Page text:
106 [15].
smectic C, smectic cholesteric, and nematic
isotropic state; in proteins, the transitions tangle
structure and tangle
-helix. They all affect the vital
characteristics of a cell. I. Prigogine believed th at there is
“a wonderful analogy between instability of nonequilib-
rium origin and phase transitions” [4]. This problem is of
great interest and deserves special examination.
5. Conclusion
Determinate systems represent a general principle of
matter self-organization in the nature, from atom to hu-
man (Homo sapiens). Using the wave properties of ele-
mentary particles (first of all electrons), four quantum
numbers characterizing their state, and Pauli exclusion
Copyright © 2011 SciRes. JMP
principle, the nature created a remarkable diversity of
physical and chemical phenomena. The first step towards
increasing diversity was the formation of atoms and then
the chemical elements. Today we know a little more than
100 chemical elements. Hydrogen is the first and most
simple of them. Fermium takes the hundredth place. It is
followed by mendelevium, nobelium, lawrencium, and
some other not very stable elements. This exhausts the na-
tural diversity associated with the structure of atoms. D. I.
Mendeleev was the first to perceive that properties of the
elements are in a periodical dependence on the charge of
their atomic nuclei. In the present-day periodic table of
chemical elements, atomic number, atomic weight, nu-
clear charge and physic-chemical properties are closely
interrelated. However, the latter ones depend to a con-
siderable extent on the changes in wave characteristics of
the elementary particles constituting these atoms.
Eventually, everything is reduced to the quantum me-
chanical phenomena in atoms as complex homeostatic
determinate systems connected with the outer world, i.e.,
physical vacuum. In these systems, memory elements are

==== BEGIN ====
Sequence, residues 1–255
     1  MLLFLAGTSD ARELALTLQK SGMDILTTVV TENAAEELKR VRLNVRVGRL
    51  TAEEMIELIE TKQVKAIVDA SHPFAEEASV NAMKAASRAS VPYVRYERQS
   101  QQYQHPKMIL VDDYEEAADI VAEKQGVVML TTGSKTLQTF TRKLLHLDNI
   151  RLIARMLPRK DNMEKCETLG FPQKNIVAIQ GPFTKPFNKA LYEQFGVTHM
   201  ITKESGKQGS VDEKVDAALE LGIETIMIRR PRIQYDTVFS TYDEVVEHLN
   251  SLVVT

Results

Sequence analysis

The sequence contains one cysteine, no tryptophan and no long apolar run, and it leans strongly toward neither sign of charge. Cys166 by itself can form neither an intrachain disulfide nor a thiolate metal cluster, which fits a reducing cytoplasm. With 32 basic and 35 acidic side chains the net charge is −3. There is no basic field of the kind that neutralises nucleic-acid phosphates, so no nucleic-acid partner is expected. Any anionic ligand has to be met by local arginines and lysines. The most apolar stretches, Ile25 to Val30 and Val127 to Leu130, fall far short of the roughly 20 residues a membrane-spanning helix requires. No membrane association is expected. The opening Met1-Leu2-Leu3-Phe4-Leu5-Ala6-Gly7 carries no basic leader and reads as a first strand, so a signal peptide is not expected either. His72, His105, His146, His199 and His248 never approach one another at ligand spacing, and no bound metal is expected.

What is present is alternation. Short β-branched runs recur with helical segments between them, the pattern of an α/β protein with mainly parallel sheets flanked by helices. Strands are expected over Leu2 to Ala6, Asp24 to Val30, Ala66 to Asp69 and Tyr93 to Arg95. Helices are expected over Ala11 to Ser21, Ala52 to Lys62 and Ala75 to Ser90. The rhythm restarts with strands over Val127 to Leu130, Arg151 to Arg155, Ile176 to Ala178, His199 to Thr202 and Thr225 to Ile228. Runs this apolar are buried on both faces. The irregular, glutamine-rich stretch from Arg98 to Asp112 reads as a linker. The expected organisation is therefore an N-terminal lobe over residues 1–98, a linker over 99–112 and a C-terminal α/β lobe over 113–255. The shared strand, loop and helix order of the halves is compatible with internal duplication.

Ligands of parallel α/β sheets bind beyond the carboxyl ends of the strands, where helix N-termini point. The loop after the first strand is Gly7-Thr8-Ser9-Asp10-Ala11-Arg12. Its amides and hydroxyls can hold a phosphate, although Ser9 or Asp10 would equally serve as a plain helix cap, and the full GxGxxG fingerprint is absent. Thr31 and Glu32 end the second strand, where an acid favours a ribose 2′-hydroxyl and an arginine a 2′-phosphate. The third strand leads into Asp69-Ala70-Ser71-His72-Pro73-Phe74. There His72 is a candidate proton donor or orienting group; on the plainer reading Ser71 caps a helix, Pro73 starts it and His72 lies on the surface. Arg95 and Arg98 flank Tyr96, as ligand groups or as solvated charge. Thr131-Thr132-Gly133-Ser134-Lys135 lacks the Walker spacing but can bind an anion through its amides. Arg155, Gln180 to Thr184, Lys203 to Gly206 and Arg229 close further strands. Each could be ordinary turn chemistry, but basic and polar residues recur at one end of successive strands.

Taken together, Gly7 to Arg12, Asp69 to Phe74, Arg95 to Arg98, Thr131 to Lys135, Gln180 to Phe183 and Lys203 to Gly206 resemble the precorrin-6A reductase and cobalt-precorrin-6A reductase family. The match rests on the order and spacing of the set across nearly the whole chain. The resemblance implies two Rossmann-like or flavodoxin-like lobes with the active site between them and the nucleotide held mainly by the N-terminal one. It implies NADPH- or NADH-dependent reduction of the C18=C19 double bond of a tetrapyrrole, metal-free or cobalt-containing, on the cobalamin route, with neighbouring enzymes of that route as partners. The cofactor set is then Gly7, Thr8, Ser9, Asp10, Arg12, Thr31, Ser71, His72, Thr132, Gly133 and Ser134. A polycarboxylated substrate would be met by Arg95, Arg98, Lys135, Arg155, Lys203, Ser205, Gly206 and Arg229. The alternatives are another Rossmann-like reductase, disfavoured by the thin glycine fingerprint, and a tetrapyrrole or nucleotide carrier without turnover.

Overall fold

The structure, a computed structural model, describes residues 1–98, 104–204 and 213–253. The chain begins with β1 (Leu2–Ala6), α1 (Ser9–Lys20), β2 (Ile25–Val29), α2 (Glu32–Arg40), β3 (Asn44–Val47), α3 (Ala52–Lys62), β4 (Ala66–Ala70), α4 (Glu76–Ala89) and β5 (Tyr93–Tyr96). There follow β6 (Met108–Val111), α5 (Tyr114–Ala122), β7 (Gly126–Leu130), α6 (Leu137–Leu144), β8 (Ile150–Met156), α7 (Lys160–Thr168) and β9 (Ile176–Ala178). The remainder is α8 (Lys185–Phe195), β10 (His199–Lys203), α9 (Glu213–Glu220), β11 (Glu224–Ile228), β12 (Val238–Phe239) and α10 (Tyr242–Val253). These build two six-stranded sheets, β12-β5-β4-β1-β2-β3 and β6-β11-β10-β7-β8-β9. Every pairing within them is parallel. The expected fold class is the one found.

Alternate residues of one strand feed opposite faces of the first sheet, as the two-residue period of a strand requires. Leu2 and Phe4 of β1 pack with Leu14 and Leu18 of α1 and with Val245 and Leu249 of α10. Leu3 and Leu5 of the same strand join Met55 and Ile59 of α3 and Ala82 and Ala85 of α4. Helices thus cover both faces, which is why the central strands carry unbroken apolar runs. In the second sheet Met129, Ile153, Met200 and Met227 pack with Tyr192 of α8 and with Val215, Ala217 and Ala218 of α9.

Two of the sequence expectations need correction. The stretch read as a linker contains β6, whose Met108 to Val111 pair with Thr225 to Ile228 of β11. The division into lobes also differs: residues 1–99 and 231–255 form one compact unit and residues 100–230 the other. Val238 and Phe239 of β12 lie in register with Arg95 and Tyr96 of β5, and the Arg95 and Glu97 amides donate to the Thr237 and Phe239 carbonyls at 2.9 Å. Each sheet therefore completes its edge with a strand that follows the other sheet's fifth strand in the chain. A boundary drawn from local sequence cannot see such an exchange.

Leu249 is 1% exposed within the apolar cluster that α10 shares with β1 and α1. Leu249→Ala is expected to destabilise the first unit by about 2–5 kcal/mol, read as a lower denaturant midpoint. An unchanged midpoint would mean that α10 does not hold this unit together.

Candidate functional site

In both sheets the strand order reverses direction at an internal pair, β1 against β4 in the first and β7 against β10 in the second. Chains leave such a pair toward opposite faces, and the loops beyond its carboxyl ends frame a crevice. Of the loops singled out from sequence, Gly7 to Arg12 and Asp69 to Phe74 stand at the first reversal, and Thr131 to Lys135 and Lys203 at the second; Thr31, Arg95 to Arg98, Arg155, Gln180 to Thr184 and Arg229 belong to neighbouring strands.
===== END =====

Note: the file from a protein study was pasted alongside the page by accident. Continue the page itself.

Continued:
represented by four types of interaction: strong, electro-
magnetic, weak and gravitational. The action of these
forces determines the nature of quantum interactions in
any atom and hence its physic-chemical properties. The
presence of unpaired valence electrons in the outermost
energy levels increases the chemical diversity. The varia-
tion of electron wave proper ties has a tremendous poten-
tial. Electrons may form spherical waves, octuple waves,
lobe waves, etc.; they may occupy different energy levels.
At synthesis of chemical compounds, electrons generate
various hybrid waves. Here the nature widely uses the
chemical bonds. However, along with chemical bonds,
other forces also contribute into chemical diversity. These
are the ionic and hydrophobic interactions as well as hy-
drogen bonds.
The four type forces play a role of memory elements
in chemical determinate systems. Transition to this level
of systemic organization of material world led to a sharp
amplification of natural diversity, which is now investi-
gated by inorganic, organic and bioorganic chemistry.
This type of systems includes also a multifarious world of
solid and liquid crystals, which are considered by physics,
geochemistry and biology.
In this case, an increase of negentropy in the course of
evolution has the same meaning as accumulation of in-
formation, and is determined by Shanon equation:
pp 
In open systems, increasing negentropy due to energy
supply from the environment, always increases the
probabilities of individual events determining the prob-
ability of a state of the entire system. This leads to ap-
pearance of thermodynamically stable systems and de-
termines the time’s arrow moving toward decreasing
When biological determinate systems are formed, an
increase in negentropy, structural information and natural
diversity is based on the coding principles. They underlie
the operation of genetic mechanisms in each vegetal or
animal cell. In such systems, memory elements are rep-
resented by four types of nitrous bases: adenine, thymine,
guanine and cytosine. This produced a large set of pro-
teins with different properties: structural proteins, con-
tractile proteins, enzymes, carriers, hormone receptors, etc.
A tremendous variety of life forms on the Earth is based
on these processes.
However, the appearance of intuitive and conscious
forms of behavior in the objects of living nature became
possible only after the genesis of central and peripheral
nervous systems. They formed a basis for unconditioned
and conditioned reflexes as well as developed neuron net-
works. The latter served as a substrate for higher nervous
activity, including complex human behavior, conscious-
ness, thinking and memory. Complicated forms of self-
organization in material world evolutionarily derived from
the earlier forms.
Therefore, self-organization of material world devel-
oped toward increasing the orderliness (negentropy),
structural information and natural diversity due to free
energy of the environment via the formation of homeo-
static determinate systems and hierarchy of their interact-